Calendar Girls

Tim Firth, based on the 2003 film written by Juliette Towhidi and Tim Firth
Theatre Royal, Newcastle, and touring
(2010)

Publicity photo

Since it first appeared at Chichester in 2008, Calendar Girls, the play, has become more than just a play, as was very obvious on the first night of its two week run at Newcastle's Theatre Royal (a run which, incidentally, is close to selling out). There were men in the audience but they were massively outnumbered by the women. And it was women of all ages: there was at least one girl of about 8 or 9, many were in their 70s or 80s and the rest were all ages in between.

When each of the women took off their dressing gowns for their photograph, there were shouts of "Yes!" and cheers from the audience. It has become a celebration of womanhood and (dare I use the word?) liberation, a kind of - for the audience - female bonding event. And they loved it! I did spot a few - a very few - sour faces but they were a tiny minority, a fact further attested to by that excited buzz as the audience left that so clearly shows that a good time has been had.

The story, of course, is well known and needs no further retelling from me.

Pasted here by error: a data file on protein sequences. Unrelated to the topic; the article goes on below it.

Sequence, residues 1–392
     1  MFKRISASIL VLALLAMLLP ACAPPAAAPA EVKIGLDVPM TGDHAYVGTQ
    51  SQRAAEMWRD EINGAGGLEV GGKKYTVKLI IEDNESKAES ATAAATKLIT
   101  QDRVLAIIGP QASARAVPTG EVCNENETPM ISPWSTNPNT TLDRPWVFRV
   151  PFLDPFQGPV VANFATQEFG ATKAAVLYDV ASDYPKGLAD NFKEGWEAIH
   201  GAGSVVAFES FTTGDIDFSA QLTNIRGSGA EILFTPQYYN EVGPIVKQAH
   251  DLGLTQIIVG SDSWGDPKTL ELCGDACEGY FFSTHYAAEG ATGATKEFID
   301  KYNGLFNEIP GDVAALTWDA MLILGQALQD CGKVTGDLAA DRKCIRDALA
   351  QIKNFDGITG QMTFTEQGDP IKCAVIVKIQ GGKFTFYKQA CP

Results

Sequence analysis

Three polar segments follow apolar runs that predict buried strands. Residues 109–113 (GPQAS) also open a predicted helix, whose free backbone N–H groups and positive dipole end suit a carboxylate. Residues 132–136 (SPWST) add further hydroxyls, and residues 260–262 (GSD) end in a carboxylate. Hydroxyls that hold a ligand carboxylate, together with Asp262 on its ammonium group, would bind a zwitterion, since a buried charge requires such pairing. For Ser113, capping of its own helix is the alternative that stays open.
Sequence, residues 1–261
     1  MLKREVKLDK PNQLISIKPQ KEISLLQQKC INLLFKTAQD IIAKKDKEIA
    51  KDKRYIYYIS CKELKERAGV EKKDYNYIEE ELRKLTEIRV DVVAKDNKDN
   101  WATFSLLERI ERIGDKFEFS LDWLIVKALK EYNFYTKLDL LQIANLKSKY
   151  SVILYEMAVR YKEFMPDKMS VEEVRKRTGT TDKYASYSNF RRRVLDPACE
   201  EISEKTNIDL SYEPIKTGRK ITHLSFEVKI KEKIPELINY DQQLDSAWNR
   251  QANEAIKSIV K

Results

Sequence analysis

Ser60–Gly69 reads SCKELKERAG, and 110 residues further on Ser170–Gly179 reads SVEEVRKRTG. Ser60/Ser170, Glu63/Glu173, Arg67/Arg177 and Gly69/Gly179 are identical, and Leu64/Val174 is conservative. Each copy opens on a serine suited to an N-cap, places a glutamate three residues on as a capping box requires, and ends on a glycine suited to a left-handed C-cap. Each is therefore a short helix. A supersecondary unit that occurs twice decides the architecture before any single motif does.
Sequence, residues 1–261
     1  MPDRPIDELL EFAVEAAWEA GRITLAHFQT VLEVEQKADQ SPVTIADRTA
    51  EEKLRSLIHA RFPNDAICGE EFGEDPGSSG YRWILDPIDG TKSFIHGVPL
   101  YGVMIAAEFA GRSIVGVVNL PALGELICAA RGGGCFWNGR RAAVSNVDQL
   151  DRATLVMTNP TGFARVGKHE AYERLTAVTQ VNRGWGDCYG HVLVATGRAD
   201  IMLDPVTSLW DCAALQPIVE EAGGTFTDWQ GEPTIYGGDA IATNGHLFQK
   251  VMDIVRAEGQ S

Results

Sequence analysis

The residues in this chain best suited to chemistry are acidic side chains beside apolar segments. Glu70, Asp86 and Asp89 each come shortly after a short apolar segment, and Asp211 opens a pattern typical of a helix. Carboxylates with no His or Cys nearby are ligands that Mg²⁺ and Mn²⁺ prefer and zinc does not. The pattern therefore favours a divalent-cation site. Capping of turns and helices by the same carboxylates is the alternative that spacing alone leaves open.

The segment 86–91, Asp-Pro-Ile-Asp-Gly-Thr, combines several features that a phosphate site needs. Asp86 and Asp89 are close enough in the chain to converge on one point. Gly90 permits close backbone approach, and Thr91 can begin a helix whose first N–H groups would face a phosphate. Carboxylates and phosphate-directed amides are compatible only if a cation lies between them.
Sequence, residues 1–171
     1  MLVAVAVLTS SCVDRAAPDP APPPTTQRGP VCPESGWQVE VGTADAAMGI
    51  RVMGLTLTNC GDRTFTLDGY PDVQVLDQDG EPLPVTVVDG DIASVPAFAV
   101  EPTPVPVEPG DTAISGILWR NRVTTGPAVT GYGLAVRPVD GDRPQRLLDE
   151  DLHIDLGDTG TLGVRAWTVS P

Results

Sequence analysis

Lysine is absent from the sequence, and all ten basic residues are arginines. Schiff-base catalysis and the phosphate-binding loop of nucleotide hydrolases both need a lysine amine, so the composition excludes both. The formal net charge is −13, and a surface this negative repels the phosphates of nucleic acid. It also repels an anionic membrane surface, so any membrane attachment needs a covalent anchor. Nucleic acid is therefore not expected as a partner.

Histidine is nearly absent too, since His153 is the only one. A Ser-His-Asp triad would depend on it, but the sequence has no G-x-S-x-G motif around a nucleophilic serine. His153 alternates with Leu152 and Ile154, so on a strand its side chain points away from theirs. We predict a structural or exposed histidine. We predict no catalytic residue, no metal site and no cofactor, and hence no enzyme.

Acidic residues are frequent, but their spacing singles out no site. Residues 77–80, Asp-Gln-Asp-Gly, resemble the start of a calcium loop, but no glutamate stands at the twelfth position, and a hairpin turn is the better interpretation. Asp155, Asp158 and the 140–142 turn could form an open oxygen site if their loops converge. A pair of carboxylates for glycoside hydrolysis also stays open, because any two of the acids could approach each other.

Well, that's what I was going to write but, of course, it isn't true. What is well known is the nude calendar produced by the members of a Yorkshire WI to raise funds for a sofa for the family room of the local hospital in memory of the husband of one of the members, but that's all done by the interval. It may be the comedy highlight but there is more to the play than that.

It's a play about friendship, about small village relationships and rivalries, about snobbery, with occasional sideswipes at religion and even the WI itself. And, in addition to the comedy, there is also sadness, indeed pathos.

That said, parts of the second act do feel like padding but the cast go to it with such enthusiasm that the audience is carried along, as it builds to a frankly sentimental ending which brought tears to their eyes.

It would be easy to overplay the piece, making the characters into caricatures (the single mother vicar's daughter, the retired school teacher, the posh one, the little mouse, the bereaved wife and so on), but this cast, under the revival director Psyche Stott, give them depth and reality.

The cast for this stage of the tour (they change every twelve weeks) includes Letitia Dean, Lynda Bellingham. Jan Harvey, Judith Barker, Gemma Atkinson, Hannah Waterman as the calendar girls themselves, Richenda Carey as the WI chair and Colin Tarrant as John, the husband of Annie (Harvey), whose death sparks off the whole thing. It's a fine cast and they leave you with a sense of real commitment to the show.

Not great drama by any means, but nonetheless an entertaining, funny and often moving piece of theatre.

Continuing at the Theatre Royal until 10th April.

Sheila Connor reviewed this production at Chichester

Reviewer: Peter Lathan